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Sunak fighting to stop women who backed Tories in 2019 voting Reform

Women who voted for the Conservatives in 2019 are among those most likely to be undecided on who to back in the UK’s 2024 general election, polling suggests.

With less than three weeks to go, the Tories are reeling from a series of surveys which put them well behind Labour and, in some cases, edged out by Reform.

But pollsters say a large number of voters remain undecided, or may still change their mind.

Analysis published by polling company JL Partners (JLP) earlier this week showed around 8 per cent of respondents answered “don’t know” when asked who they were likely to vote for.

Digging into their demographic profile, JLP found that 62 per cent of these voters were women and their mean age was 53.

Around 57 per cent of these voters backed the Conservatives in 2019 and are more likely to own their own homes than the average member of the public.

JLP also found this group more likely than the average voter to be politically engaged.

“What this does is paint a vivid picture of one of the most important subgroups in this election,” the report says.

Callum Hunter, data scientist at JLP, said due to their previous voting habits, this group should be the kind of voter the Conservatives ought to be winning back.

“However, our model predicts that nearly half of these undecided voters that voted Conservative in 2019 will defect to either Labour or Reform in this election,” Mr Hunter said.

Labour Party leader Sir Keir Starmer (centre left) meets with swing voters at Stafford Rangers Football Club, while on the General Election campaign trail in Satfford, in the West Midlands. Picture date: Saturday May 25, 2024. PA Photo. See PA story POLITICS Election Labour. Photo credit should read: Jacob King/PA Wire
Sir Keir Starmer meets swing voters at Stafford Rangers Football Club while on the campaign trail (Photo: Jacob King/PA Wire)

“This indecision is being driven by a general lack of certainty around policy ownership and leadership qualities.

“Whilst both parties dominate on different issues with these voters, a sizable chunk is simply unsure who would better tackle their top priorities.”

A similar trend has been identified by Ipsos, whose most recent poll found 45 per cent of voters say they may still change their mind.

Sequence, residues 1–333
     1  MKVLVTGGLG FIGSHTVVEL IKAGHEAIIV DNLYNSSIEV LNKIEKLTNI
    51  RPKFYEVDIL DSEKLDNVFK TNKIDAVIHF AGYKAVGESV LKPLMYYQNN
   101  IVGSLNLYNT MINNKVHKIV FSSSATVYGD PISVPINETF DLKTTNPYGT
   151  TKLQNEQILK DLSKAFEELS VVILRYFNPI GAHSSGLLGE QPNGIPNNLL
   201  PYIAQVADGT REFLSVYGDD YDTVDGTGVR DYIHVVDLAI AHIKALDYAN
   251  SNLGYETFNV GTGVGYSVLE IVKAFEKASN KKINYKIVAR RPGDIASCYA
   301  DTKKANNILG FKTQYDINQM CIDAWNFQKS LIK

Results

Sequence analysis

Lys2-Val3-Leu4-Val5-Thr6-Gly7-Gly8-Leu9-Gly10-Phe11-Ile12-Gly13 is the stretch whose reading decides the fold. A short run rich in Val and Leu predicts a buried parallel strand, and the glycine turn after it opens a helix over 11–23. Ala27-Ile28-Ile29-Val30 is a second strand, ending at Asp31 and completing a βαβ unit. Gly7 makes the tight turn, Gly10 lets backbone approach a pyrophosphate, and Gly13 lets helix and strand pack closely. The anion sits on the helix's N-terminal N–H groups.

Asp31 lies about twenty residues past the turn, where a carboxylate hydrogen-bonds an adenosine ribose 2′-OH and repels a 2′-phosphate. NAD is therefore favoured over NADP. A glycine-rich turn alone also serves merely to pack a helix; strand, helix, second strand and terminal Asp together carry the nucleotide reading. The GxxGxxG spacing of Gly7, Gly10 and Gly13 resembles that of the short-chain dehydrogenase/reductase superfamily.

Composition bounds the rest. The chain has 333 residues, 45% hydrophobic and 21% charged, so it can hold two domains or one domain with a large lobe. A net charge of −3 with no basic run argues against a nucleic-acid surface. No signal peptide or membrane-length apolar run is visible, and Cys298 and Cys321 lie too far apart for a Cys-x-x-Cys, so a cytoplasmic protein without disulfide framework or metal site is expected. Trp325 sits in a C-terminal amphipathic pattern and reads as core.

“This is slightly higher than we saw in the last two general elections at the start of the campaign but not hugely so – and experience suggests the number falls as the campaign progresses,” Gideon Skinner, senior UK director of politics at the research firm, told i.

“And of course, just because someone says they might change their mind doesn’t mean that they will – it could just be they haven’t finalised their decision yet. So it will be important to see what happens to this number closer to the election.”

Getting undecided voters on board is proving to be more crucial than ever for the Prime Minister due to the growing threat of Nigel Farage‘s Reform UK.

New polling for i on Friday – which came hours after a separate poll showed support for Reform was now higher than that of the Tories – showed that nearly half of Tory voters want to see an alliance with Mr Farage’s party.

Of voters who backed the Tories in 2019 but have signalled they won’t be voting Conservative this year, 52 per cent said they are satisfied with Mr Farage and just 12 per cent happy with Rishi Sunak, the survey by BMG for i showed.

In terms of the demographic profile of the “undecideds” Ipsos agreed with JLP that it is more likely to be women, at 49 per cent, and more likely to be former Conservative voters (50 per cent) compared to Labour (34 per cent).

They also found them more likely to be in the “ABC1” socio-economic group, meaning they are more likely to have a skilled, professional job and an educated background.

However, in contrast to JLP, Ipsos found these swing voters more likely to be younger (53 per cent aged 18 to 34).

Polling experts More in Common have also found the undecided voter is most likely to be a women, putting it as high as 70 per cent.

They find them to be older than the average Briton, at around 61, and more likely to be a homeowner.

This demographic group has been labelled the “Whitby woman” because the Whitby and Scarborough constituency is the kind of seat which would see Labour gain an overall majority if they win it.

More in Common director Luke Tryl said: “If the Tories can win this group back it may not save them from being ejected from office, but it may mitigate any likely defeat.

“If Labour win them in droves then they are in real landslide territory.”

Election 2024

Rishi Sunak, Sir Keir Starmer and other party leaders are on the campaign trail, and i‘s election live blog is the go-to place for everything on the general election.

On Monday, the Lib Dems launched their manifesto, followed by the Tory manifesto launch on Tuesday, which included a further cut to national insurance. On Wednesday, the Green Party launched its manifesto, which it hopes will secure them some important seats.

Labour’s manifesto launch on Thursday was interrupted by a protester urging for more policies for youth, but Starmer was undeterred as he announced changes to voting age and confirmed his party’s position on tax and spending cuts.

i has urged the parties to commit to its Save Britain’s Rivers manifesto to improve our waterways. The Lib Dems became the first to back the campaign, followed by the Green Party.

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